I can compare the Black Death to the AIDS epidemic.
I can identify how a plague or epidemic effects a society.
Found in Appendix E
How is the Black Death similar and different than the AIDS epidemic?
How does a plague or epidemic alter a society?
Intervention: Seating to minimize distraction
1.Is there a cure for AIDS?
2.Is there a cure for the Black Plague?
3.Does not having a cure for AIDS make it potentially worse than the Black Plague?
1.Does AIDS prolonged impact on human kind make it a worse epidemic?
2.Or does the Black Death’s relative “immediateness” make it the more severe event?
Formative: Class discussion
AIDS v. Bubonic Plague Set: “What do you know about AIDS in Africa?” Students will be given a few moments to generate responses. A class discussion, centered on students’ generated material, will follow.
Students will be directed to “AIDS in Africa.”
Anticipating students do not know a great deal about AIDS in Africa, this piece of literature will be read together. After each paragraph the class will discuss its content to ensure a high level of comprehension.
A class discussion will follow centered about how a plague or epidemic effects a society.
Students will be encouraged to perform some independent research on their personal iPads to compliment class discussion.
Students will be asked, “Do have a solid understanding of how these two happenings are similar and different?” They will place a thumbs-up to indicate good understand, a sideways thumbs to indicate they are almost there, and thumbs down to show they need help.
“Did the Black Death or AIDS have a larger impact on the human race as a whole? Can we answer this question adequately without having a cure for AIDS?” Students will take a few moments to write thorough responses. Selected students will be selected to share their thoughts with the class.
I can explain how modern medicine and vaccines could have helped prevent the spread of the Black Death.
Essential Questions: What could have medicines and vaccines done to help stop the spread of the Black Death?
Grouping/seating to minimize distractions
Prompting during Venn Diagram completion.
1.Would a medicine or vaccine be better to stop the spread of the Black Plague?
2.What difficulties would have 14th century Europe faced in getting medicine and vaccines to people?
Preventing the spread of Disease Set: “What are medicines and vaccines? What do they do for the world today?” Students will be given a few moments to formulate responses. Selected students will be given the opportunity to generate their responses for class discussion.
Students will perform independent research on their iPads to generate working definitions of what medicine and vaccines really are.
Once a student believes they have found relevant material they will raise their hands and generate this material for class production of working definitions for these terms.
Students will then work at their tables of 3-4 students to generate a list of ways that medicine OR vaccines could have helped prevent the plague. The two items need to be differentiated between, as they perform differently.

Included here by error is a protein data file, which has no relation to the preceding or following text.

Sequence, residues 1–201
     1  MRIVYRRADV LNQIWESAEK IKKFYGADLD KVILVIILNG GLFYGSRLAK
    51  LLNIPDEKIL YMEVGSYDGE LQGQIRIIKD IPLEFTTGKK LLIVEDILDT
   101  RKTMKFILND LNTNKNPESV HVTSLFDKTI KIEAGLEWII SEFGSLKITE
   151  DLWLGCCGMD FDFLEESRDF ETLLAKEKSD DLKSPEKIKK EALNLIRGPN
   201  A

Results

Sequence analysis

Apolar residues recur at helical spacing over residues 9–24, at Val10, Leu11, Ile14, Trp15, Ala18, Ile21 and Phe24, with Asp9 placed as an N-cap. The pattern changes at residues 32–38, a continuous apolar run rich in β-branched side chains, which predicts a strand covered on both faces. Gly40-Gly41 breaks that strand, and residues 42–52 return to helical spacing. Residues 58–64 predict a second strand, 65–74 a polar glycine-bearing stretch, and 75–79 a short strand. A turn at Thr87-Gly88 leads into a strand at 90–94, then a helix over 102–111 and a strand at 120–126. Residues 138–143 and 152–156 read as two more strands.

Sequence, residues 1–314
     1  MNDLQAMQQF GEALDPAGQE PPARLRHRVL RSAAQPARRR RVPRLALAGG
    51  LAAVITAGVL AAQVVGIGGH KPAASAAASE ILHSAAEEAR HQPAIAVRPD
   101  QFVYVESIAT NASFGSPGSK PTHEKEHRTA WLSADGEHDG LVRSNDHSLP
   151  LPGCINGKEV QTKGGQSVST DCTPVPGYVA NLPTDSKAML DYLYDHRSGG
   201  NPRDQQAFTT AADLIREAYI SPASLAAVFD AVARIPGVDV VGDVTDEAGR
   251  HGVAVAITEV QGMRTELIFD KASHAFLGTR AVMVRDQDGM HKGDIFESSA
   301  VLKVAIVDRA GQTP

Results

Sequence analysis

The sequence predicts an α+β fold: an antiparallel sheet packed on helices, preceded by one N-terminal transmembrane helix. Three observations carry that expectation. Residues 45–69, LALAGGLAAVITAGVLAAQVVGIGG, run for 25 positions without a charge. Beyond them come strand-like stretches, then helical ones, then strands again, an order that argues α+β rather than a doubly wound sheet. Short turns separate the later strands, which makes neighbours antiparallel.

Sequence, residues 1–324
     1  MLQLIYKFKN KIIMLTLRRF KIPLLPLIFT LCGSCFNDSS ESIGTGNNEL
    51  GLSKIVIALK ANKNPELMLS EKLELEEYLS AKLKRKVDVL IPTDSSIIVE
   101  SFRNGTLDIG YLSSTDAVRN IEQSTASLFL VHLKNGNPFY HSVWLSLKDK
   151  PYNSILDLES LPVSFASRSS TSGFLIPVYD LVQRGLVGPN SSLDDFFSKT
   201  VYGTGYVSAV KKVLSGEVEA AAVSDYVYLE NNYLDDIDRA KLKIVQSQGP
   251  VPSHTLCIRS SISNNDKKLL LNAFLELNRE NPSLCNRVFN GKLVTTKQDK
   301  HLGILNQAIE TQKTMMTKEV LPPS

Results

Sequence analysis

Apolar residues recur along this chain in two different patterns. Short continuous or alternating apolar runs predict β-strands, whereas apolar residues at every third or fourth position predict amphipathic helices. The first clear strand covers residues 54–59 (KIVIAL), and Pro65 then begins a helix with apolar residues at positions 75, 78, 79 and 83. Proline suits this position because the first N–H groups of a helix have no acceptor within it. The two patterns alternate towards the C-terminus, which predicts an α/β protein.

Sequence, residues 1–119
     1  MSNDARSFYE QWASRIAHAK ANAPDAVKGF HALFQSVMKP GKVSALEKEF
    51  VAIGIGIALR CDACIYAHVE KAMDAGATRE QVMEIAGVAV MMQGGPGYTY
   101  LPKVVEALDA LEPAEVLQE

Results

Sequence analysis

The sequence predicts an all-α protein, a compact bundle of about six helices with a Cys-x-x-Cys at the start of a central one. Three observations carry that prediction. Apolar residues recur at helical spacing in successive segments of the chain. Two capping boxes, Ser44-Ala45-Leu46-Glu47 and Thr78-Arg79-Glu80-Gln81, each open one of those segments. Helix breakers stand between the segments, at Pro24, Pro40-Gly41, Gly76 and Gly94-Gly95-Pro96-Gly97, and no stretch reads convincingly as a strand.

Each table will read their list for the class.
Summarizing Strategy: “How are medicine and vaccines similar and different?” Students will create a Venn Diagram using Doceri to detail these similarities and differences. Selected students will airplay their diagrams.
I can identify the Black Plague.
I can explain how the Black Plague effected Europe socially.
I can explain how the Black Plague effected Europe politically.
I can explain how the Black Plague effected Europe economically.
I can compare and contrast the Black Plague to the current AIDS epidemic.
I can identify what fraction of Europeans died as a result of the Black Plague.
I can identify what percentage of Europeans died as a result of the Black Plague.
I can identify possible biological causes of the Black Plague.
Found in Appendix F
Learning Management System
What is the Black Plague?
How did the Black Plague effect Europe socially?
How did the Black Plague effect Europe economically?
How did the Black Plague effect Europe politically?
How are the Black Plague and AIDS similar and different?
What fraction of Europeans died because of the Black Plague?
What percentage of Europeans died because of the Black Plague?
What are possible biological causes of the Black Plague?
Seating to minimize distraction
Read aloud test
Higher order thinking questions on test.
Set: “What are the two most likely causes of the Black Plague?” Students will be given a few moments to generate a response. Volunteer students may share their thoughts for class discussion.
The class will be divided into two equal teams.
The class will play “Keep It or Give It” as a review game for the test.
A single member of each team will be asked an academic question. For example, “How long ago did the Black Plague occur?”
The student with their hand up first will be allowed to answer the question. If they get it correct they get to decided whether to keep or give the slide they see on the Apple TV. If they are incorrect the other team gets an opportunity to answer the question, and then keep it or give it.
McDonalds (The student will judge whether to keep it or give it based on title alone, because that it all they see.)
“Eww, McDonalds is unhealthy. Lose 20,000 points.”
The second slide is applied to the team that kept or is given its contents.
After reviewing for about twenty-five minutes, students will take their test.
Students will receive the test in PDF Notes, downloaded from the learning management system, and will submit answers on the learning management system as well.
Students will be asked if there was anything unfamiliar on the test and the class will discuss any such questions.
Project Day 2—DocuDrama—See Unit Plan
Identify what you want to teach.Reference State, Common Core, ACT
College Readiness Standards and/or State Competencies.
6.2.03 Understand the potential costs and benefits of individual economic choices.
6.5.15 Appreciate the shift in institutions from a church dominated society to the rise of science, philosophy, and art.
6.5.16 Understand the place of historical events in the context of past, present and future.
6.2.spi.6. Analyze how basic economic ideas influenced world events (i.e., supply and demand leads to exploration and colonization).
6.5.spi.11. identify characteristics including economy, social relations, religion, and political authority of various societies (i.e., Mesopotamian, Egyptian, Greek City-States, Roman Empire, Indian, Medieval).
6.5.spi.12. recognize the possible causes of change in civilizations (i.e., environmental change, political collapse, new ideas, warfare, overpopulation, unreliable food sources, diseases).
Medicine: Compound used for the treatment or prevention of disease
Vaccine: Substance used to provide immunity against disease